This book is a history of the world between 20,000 and 5000 вс. It is written for those who like to think about the past and wish to know more about the origins of farming, towns and civilisation. It is also written for those who think about the future. The period under discussion was one of global warming during which new types of plants and animals arose -domestic species which underpinned the agricultural revolution. These new genetic variants of wild species have an intriguing resonance with the genetically modified organisms being manufactured today, while global warming has also begun anew. Those concerned with how GMOs and climate change will impact upon our world may wish to know how new types of species and global warming have already impacted upon our past.
The past is worthy of study for its own sake, irrespective of any lessons it may have for the present day. This book asks the simple questions about human history: what happened, when, where and why? It provides answers by interweaving a historical narrative with causal argument. When doing so, it also caters for those readers who will ask 'How do we know that?' -often a very appropriate question when the archaeological evidence appears so scant. And After the Ice asks another type of question about the past: What was it like to live in prehistoric times? What was the day-to-day experience of those who lived through global warming, an agricultural revolution and the origin of civilisation?
I have tried to write a book that makes the evidence from prehistory accessible to a wide readership while maintaining the highest levels of academic scholarship. The popularising of archaeology on TV and in many recent books often adopts a condescending attitude to its viewers and readers, providing superficial and inaccurate accounts of our past. Conversely, many of prehistory's most remarkable events remain hidden from all but a few academics and specialist readers in scholarly works of impenetrable and jargon-laden prose. I have endeavoured to make archaeological knowledge more readily available whue also catering for those who wish to assess my claims critically and undertake further study of their own. To that end I have included a comprehensive bibliography and extensive endnotes that specify primary sources, discuss technical issues and provide alternative opinions. These are, however, optional extras: my main aim has been to produce a 'good read' about an astonishing period of human history.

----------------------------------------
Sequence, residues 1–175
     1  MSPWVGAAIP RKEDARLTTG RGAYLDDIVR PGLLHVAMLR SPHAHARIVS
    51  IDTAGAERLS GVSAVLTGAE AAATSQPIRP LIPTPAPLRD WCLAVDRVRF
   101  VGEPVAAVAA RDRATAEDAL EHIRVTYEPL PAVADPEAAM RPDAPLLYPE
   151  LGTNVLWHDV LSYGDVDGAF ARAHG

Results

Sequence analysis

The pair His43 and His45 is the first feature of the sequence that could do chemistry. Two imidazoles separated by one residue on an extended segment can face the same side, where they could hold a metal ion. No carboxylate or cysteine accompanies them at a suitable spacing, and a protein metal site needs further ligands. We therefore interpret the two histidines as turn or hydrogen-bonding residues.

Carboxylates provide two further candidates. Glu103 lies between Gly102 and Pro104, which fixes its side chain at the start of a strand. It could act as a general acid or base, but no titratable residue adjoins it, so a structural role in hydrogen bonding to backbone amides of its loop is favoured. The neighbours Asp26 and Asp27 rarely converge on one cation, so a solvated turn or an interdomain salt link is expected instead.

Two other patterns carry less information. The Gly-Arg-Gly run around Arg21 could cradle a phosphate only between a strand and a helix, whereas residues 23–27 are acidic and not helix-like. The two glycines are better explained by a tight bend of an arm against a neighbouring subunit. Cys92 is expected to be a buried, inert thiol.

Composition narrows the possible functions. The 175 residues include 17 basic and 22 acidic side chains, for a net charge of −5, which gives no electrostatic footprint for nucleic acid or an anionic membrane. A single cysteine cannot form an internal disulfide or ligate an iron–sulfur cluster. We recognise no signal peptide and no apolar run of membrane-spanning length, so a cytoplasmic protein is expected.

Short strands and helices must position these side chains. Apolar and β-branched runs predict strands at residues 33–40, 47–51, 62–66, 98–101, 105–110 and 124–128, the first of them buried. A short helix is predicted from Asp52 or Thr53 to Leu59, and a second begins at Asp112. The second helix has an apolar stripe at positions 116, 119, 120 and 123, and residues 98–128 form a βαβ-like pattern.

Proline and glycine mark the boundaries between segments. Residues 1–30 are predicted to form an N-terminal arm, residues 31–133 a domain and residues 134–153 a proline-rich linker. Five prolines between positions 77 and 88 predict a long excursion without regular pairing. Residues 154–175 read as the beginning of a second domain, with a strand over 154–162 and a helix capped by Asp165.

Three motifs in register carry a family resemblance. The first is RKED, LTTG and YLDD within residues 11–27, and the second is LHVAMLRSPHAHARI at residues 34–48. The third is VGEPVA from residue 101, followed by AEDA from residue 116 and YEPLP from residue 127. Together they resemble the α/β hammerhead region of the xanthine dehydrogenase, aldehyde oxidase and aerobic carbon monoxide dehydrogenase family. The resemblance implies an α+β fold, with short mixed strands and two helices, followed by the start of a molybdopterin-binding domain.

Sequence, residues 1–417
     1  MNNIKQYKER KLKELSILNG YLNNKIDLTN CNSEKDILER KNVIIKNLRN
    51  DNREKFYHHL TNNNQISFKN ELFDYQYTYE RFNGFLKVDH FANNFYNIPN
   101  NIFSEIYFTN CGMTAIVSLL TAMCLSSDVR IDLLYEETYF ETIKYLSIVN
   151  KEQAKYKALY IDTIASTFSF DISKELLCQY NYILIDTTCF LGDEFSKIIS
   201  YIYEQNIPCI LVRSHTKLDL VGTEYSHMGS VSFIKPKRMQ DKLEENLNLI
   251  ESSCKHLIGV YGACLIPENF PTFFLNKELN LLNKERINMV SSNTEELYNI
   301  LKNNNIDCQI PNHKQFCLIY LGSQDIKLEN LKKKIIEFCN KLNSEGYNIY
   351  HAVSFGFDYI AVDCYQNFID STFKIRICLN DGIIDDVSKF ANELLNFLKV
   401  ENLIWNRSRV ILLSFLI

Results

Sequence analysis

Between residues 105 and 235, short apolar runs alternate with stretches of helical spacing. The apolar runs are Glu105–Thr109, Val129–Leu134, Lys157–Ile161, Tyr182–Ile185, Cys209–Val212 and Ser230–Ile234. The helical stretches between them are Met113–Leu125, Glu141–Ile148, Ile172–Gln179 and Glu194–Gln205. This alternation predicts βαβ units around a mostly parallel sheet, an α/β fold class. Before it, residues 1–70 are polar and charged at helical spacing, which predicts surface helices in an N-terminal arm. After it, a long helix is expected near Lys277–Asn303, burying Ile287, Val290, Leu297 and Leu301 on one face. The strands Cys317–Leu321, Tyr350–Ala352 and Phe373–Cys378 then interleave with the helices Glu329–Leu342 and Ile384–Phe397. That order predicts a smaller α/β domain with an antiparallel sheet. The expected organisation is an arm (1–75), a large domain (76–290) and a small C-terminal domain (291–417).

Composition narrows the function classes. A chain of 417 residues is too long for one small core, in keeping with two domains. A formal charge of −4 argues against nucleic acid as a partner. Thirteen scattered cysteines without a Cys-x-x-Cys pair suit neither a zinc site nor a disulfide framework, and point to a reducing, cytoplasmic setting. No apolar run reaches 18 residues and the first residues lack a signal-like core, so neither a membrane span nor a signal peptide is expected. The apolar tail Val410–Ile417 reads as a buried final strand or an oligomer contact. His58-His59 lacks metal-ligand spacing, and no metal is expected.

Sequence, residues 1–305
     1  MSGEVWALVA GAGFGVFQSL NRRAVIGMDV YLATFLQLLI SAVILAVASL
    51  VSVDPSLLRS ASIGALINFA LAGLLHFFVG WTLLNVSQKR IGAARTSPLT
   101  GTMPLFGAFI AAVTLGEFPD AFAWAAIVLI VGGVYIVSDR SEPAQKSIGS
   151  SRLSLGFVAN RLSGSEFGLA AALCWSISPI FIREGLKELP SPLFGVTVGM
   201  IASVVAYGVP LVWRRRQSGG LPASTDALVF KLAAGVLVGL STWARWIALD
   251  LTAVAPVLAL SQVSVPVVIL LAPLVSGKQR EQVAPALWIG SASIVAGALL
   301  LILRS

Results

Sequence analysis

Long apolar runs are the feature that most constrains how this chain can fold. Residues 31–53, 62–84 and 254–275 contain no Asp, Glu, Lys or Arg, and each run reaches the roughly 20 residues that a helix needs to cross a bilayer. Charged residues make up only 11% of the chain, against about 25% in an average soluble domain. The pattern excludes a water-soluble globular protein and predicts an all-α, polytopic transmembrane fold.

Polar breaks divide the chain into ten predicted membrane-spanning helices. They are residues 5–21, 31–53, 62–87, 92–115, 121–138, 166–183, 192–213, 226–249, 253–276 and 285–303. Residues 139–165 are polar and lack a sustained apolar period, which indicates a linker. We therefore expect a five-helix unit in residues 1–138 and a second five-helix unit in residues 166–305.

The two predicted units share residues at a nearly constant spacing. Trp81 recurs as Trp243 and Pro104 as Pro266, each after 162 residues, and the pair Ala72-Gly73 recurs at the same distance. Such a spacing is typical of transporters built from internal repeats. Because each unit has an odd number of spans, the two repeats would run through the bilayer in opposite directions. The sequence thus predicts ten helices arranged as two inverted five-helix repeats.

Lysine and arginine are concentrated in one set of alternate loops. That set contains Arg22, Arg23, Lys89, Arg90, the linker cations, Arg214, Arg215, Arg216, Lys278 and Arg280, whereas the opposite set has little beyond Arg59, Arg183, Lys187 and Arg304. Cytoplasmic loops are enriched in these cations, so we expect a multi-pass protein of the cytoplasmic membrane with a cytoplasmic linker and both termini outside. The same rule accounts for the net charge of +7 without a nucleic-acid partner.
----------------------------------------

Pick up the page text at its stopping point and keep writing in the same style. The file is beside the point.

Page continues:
This has not been an easy book to write. Having begun work on it several years ago, writing progressed in fits and starts owing to the demands of academic and family life. New themes kept emerging: the history of archaeological thought, the (im)possibility of understanding other cultures, travel as a metaphor for reading and excavation. That I have been able to complete After the Ice has only been due to the generous support of family, friends, and colleagues.
As it draws on research and teaching conducted over the last decade I must initially thank my colleagues in the Department of Archaeology, University of Reading, for providing a stimulating and supportive environment for the whole of that time. Of these colleagues I am particularly grateful to Martin Bell, Richard Bradley, Bob Chapman, Petra Dark, Roberta Gilchrist, Sturt Manning and Wendy Matthews who answered specific questions or provided pertinent advice. I am also grateful to Margaret Matthews for her advice and help in preparing the colour illustrations, and to Teresa Hocking for her meticulous care in checking my text. The inter-library loan department of the University Library deserves special thanks for attending so efficiently to my copious requests.